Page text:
Solutions incomplete sans alternatives

The government, last week, decided to ban the use of polythene lunch sheets and rigifoam lunch boxes from September.

The move comes following weeks of waste disposal-issues and health related ailments due to garbage piling in key areas of the capital. The unprecedented spread of dengue is also attributed to the garbage menace which was addressed only last week.

In this context, the move to ban the biggest cause of pollution and waste is most welcome.

This is not the first time that the government has initiated a fight against polythene. In fact, there have been similar moves in the past where the government had announced that the usage of polythene and plastic would be banned but could not implement it mostly due to practical reasons.

Politicians from the government and the Opposition have on numerous occasions been advised against the use of polythene during election campaigns, and they have been made aware of the mess they cause to the public as they were hard to be gotten rid of. The usage of polythene, plastic, and Styrofoam materials have become a part and parcel of life, not only in Sri Lanka, but in many countries.

In practical terms, it is very difficult to let go of a habit that has been around for decades, especially when it had made life very easy.

Polythene especially has become a huge part of the domestic and industrial sectors of the country. It’s light, it’s easy, but it’s also dangerous.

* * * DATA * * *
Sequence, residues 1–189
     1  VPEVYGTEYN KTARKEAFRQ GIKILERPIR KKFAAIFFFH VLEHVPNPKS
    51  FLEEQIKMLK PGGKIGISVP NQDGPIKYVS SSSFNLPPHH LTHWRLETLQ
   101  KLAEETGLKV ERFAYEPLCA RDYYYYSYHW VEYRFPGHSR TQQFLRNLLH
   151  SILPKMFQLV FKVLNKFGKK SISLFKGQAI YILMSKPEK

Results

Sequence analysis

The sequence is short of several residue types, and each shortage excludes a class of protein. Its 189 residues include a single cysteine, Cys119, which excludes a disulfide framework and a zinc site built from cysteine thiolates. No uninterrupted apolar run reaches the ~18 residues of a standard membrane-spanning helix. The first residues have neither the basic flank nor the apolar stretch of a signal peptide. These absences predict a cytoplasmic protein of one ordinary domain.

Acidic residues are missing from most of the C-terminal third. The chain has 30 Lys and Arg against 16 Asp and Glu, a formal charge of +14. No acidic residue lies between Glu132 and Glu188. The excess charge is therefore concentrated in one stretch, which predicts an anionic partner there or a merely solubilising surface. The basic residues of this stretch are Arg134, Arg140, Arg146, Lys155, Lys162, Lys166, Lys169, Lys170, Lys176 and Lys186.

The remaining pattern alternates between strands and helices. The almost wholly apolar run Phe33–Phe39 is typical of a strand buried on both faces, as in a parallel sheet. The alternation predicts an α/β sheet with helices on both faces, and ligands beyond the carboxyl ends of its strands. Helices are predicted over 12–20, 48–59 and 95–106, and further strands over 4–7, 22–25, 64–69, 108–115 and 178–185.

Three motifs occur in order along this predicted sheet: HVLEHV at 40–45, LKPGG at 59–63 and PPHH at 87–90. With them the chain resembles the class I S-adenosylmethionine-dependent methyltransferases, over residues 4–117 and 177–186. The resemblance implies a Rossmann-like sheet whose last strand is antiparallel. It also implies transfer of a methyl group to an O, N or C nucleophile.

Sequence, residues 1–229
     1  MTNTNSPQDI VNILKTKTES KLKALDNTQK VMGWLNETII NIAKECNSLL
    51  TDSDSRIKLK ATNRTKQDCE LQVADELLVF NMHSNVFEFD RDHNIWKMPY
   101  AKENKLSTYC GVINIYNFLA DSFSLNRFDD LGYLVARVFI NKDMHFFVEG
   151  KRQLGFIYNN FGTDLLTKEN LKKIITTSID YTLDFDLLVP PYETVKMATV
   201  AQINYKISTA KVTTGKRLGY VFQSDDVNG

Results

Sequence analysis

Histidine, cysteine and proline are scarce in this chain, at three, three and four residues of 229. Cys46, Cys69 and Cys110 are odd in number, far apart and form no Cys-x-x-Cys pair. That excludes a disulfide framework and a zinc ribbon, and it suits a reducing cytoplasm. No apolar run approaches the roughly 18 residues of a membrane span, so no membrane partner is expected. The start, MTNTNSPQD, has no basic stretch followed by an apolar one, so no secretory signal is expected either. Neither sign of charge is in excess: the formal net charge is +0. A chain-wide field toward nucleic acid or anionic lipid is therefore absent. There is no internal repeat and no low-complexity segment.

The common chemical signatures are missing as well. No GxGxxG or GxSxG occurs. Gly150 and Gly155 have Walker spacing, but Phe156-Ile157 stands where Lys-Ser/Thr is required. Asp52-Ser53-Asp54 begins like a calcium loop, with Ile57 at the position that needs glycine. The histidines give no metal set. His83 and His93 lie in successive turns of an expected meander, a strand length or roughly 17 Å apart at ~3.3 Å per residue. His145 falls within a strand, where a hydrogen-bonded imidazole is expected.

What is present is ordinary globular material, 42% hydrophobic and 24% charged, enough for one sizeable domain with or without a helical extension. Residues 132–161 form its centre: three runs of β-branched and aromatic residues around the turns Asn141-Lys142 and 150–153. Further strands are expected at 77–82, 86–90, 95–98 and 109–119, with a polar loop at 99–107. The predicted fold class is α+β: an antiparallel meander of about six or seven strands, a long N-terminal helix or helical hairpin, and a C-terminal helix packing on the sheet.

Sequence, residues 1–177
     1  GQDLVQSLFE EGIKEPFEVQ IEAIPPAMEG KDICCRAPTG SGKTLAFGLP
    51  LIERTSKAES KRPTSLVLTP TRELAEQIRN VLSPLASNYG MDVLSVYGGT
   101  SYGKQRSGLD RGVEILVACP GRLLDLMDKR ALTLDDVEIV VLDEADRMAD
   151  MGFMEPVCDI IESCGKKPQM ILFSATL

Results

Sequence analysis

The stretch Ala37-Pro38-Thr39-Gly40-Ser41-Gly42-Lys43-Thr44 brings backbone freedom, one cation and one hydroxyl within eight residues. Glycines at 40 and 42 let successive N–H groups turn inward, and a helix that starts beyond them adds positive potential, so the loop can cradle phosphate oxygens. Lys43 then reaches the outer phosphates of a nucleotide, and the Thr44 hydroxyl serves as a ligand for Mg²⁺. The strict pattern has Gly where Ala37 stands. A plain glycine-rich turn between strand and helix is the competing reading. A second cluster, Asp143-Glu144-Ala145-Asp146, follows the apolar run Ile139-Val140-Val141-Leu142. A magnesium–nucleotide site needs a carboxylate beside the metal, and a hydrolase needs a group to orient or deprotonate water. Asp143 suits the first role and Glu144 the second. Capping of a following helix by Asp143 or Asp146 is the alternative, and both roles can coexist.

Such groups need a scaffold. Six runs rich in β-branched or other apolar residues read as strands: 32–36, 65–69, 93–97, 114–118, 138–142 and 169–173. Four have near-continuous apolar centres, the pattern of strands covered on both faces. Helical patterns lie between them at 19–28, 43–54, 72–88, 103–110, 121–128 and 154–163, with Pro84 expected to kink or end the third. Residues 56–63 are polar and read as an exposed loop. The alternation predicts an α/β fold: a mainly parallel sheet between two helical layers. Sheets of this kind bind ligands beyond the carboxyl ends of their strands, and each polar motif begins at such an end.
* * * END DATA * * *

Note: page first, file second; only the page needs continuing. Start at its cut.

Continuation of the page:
You cannot get rid of it since it should not be burnt, and it is also not environment friendly. Any move to ban environmentally harmful substance is most welcome. But, the move also has to incorporate solutions to the people.

Banning polythene will not solve the problem. What can be the alternative solution? You can ask the people to go back to paper bags, or start using lunch boxes. What about the commercial and industrial entities? What about those shops and super markets that use polythene every day?

The ban would not work if the government or the authorities do not provide an alternate solution, which is equally, or more, effective and convenient.

This not only applies to the issue of banning polythene, but in matters in general too. You cannot get rid of something without providing an alternate solution. In the past, the reason for authorities to fail most of the time has been due to taking the easy way out. Sometimes the people would not be happy with certain decisions as it would be hard to adapt immediately, after having been used to a particular lifestyle for ages. But those decisions have to be taken if it is beneficial to the people in the long run.

Published in the Nation on July 16, 2017


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